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While we are still waiting for the Apple Silicon Mac Pro and possibly the upgraded Pro models of the Mac Mini and iMac, we now have full visibility into Apple’s plans for the laptop line. The question people are asking now: What is the best laptop for business customers: MacBook Air or MacBook Pro?
About Apple @ Work: Bradley Chambers managed a corporate IT network from 2009 to 2021. With his experience in the deployment and management of firewalls, switches, mobile device management system, Wi-Fi network Corporate Fi, Hundreds of Macs, and Hundreds of iPads, Bradley to Highlight Ways Apple CIOs Deploy Apple Devices, Build Networks to Support Them, Train Users, Stories IT management trenches and ways Apple could improve its products for IT departments.
A look back at Pro vs Air
Back on the Intel lineup, many users without demanding needs have opted for Pro laptops to have more ports than Air, higher screen resolution, or a little more power. I have been in this camp for many years. I’m not a developer, designer, or video editor of any kind, so I don’t have “Pro” needs, but I’ve opted for the MacBook Pro time and time again.
Current IT configuration
When Apple released the 2020 MacBook Air model with the M1 chip, I immediately sold my current laptop and ordered it. Honestly, I have never been happier with a computer in my life. Of course, we should still feel this if we upgrade to a new model, but it hasn’t always been the case, especially when it comes to Butterfly keyboards from previous models.
I have really enjoyed the daily use of the MacBook Air for work, play, and the like over the past year or so. However, with the release of the 2021 14 “MacBook Pro and 16” MacBook Pro with an upgraded processor, I took a close look at my daily needs as well as the ports I would like to have on my daily driver.
Simplified IT life
One of my goals for this year was to streamline my IT life. I work from home, so I’m not always in the exact same place every day. Some days I’m at the desk in my room. The others, I’ll be in the kitchen. Finally, one or two days a week, I go out of my house to a cafe.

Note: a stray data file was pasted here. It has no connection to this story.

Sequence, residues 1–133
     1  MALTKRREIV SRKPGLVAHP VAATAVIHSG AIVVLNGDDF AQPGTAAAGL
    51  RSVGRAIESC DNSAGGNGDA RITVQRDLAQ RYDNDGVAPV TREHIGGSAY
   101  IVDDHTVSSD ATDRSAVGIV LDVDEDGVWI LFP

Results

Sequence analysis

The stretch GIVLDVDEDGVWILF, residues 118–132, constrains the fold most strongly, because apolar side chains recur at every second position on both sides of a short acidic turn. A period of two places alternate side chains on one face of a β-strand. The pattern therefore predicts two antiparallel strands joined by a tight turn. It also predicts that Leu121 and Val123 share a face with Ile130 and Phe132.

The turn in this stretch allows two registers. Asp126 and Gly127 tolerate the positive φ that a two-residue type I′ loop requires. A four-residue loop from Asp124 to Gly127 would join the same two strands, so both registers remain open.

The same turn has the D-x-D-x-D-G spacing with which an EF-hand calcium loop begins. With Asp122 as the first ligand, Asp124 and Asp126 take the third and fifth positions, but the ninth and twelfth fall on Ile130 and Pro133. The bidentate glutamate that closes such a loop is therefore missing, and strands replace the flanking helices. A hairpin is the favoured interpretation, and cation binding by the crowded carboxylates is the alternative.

As part of this goal, I got rid of my external monitor, keyboard, and mouse. I wanted to make my laptop the only computing device, so I had to adjust my workflow to that reality. During this process I realized I was OK with only two ports on my computer. I mainly use it to charge my laptop and phone when I’m away from home. I plug in a USB hard drive once a month to run a Time Machine backup, but otherwise I don’t use a lot of accessories.
When I compared the power of the MacBook Pro to that of the MacBook Air, I was a little jealous, but when I looked at my computer workflows, I realized that the Air has enough power for my needs for the next few years. Sure, the Pro would be great, but I also really like the Air’s form factor.
MacBook Air vs Pro: which is better for business?
When I look at which computers are best for business customers, I look at large-scale and volume purchases. For example, if your business usually buys MacBook Pros for 100 employees and you plan to move 75% of them to Airs on your next lease, how much money would you save?
For this exercise, I am considering the original MacBook Air versus the original 14-inch MacBook Pro.
If you bought 75 MacBooks Air for $ 999, you would be $ 74,925 before taxes. The 25 additional 14-inch MacBook Pros would cost $ 49,975. Thus, the total purchase would be $ 124,900 before MDM license, taxes, AppleCare, etc.
If you run the same exercise with all 14 “MacBook Pros, you would be $ 199,900. That’s a big jump in price. When you look at the ROI of buying Pro in the business, this just doesn’t make sense. Are the 14 “and 16” Pros incredible computers? Absolutely, but the MacBook Air is fantastic for the power / price ratio.
I like what Apple has done with the MacBook line. It lowers the power / price ratio on the low end while offering attractive options on the high end. I would dare say that the original MacBook Air would suffice for professional use for almost everyone apart from developers, video editors, photographers, etc. So when looking at Macs for work, go for Air unless there’s a reason to upgrade to Pro. With a hugely convincing low-cost Mac, Apple has made it easier to justify buying Macs in business.
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